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"80s Lady" K.T. Oslin, chart-topping country star, dead at 78

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Alan Mayor/CMAK.T. Oslin, who topped the country charts in the late ’80s with her unique approach to country music and won several Grammys, CMA and ACM Awards along the way, has died.  She was 78.

Born Kay Toinette Oslin in Arkansas, Oslin was a folk singer, a musical theater actress and a commercial jingle singer before landing a country record deal under the name Kay T. Oslin.  Neither of her singles did that well, but other artists started to record her songs, including The Judds.  She eventually signed another contract, this time using the name K.T. Oslin, and her career took off.

The song that put Oslin on the map was “80’s Ladies,” the title track of her 1987 album, which hit the top 10, won her the Grammy for Best Female Country Vocal performance and was named the CMA’s Song of the Year. 

The female anthem detailed the sometimes difficult journey that women had had getting to that decade, with lyrics like, “We burned our bras and we burned our dinners/And we burned our candles at both ends/And we’ve had some children/Who look just like the way we did back then.”

Two number-one hits followed: “Do Ya” and “I’ll Always Come Back.”  Oslin also duetted with Alabama on the number-one hit “Face to Face.”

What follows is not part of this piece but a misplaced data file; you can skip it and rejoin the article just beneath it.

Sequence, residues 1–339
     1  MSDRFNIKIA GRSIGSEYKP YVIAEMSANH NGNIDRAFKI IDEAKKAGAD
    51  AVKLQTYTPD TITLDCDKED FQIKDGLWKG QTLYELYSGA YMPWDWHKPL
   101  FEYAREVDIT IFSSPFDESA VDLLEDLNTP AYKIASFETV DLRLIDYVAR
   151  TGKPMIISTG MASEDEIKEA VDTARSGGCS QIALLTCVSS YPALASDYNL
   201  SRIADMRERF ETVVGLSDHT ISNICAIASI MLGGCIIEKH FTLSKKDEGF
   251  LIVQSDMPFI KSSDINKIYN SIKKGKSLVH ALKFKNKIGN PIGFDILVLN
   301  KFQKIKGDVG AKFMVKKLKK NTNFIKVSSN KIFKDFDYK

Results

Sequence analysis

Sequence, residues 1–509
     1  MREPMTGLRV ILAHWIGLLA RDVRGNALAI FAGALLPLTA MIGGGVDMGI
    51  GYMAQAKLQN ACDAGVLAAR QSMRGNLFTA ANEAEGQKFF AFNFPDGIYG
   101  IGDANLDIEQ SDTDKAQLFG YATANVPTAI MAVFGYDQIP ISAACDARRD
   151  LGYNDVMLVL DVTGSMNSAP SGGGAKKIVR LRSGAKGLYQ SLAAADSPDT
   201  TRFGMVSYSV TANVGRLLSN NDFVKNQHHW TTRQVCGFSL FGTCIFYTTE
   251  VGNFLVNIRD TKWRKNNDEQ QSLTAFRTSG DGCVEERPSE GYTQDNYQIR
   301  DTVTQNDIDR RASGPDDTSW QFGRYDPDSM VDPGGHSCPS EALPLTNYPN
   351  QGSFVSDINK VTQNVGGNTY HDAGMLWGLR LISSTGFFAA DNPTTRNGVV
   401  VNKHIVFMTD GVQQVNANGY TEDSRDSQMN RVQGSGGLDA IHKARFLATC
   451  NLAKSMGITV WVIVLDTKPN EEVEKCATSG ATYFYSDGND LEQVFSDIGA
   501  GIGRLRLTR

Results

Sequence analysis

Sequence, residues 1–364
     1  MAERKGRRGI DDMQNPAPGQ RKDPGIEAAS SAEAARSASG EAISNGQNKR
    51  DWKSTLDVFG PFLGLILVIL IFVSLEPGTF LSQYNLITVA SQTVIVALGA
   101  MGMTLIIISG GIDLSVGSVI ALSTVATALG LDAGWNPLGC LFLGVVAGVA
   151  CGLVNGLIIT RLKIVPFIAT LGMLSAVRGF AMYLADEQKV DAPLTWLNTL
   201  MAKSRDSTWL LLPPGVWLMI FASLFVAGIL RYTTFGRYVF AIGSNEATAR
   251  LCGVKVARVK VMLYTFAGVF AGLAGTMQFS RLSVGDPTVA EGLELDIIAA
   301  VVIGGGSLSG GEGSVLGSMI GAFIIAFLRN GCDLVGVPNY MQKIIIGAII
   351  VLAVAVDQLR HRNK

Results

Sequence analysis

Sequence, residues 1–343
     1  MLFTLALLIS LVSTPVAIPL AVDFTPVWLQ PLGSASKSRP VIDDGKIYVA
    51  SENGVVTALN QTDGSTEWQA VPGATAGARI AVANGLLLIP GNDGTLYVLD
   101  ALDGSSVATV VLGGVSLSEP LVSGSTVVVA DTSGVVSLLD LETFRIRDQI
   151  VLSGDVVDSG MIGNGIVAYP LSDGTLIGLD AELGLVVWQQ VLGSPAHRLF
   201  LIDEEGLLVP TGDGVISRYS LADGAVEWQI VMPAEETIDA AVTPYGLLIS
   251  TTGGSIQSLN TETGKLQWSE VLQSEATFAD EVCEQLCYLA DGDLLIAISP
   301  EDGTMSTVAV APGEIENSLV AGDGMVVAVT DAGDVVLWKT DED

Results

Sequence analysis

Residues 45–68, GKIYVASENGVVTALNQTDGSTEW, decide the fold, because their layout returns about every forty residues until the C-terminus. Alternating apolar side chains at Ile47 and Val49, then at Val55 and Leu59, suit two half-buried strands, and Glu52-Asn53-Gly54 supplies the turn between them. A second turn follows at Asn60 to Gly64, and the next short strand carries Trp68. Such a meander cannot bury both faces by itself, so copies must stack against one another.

This Woman, Oslin’s second album, was an even bigger success, producing five hits, including the number-one “Hold Me,” as well as “Hey Bobby,” the title track, “Money” and “Didn’t Expect it to Go Down this Way.”  “Hold Me” won Oslin two Grammys, including Best Country Song, and This Woman was named the ACM’s Album of the Year.

KT’s third album, 1990’s Love In a Small Town, produced her biggest chart hit, “Come Next Monday.”  She then retired from touring and did some acting.  A return to singing came in 1996, and she also made sporadic concert appearances, including a 2013 show to celebrate the 25th anniversary of ’80s Ladies.  Oslin’s final album, Simply, came out in 2015, the same year she was diagnosed with Parkinson’s disease.

KT Oslin was inducted into the Nashville Songwriters Hall of Fame in 2018.

By Andrea Dresdale
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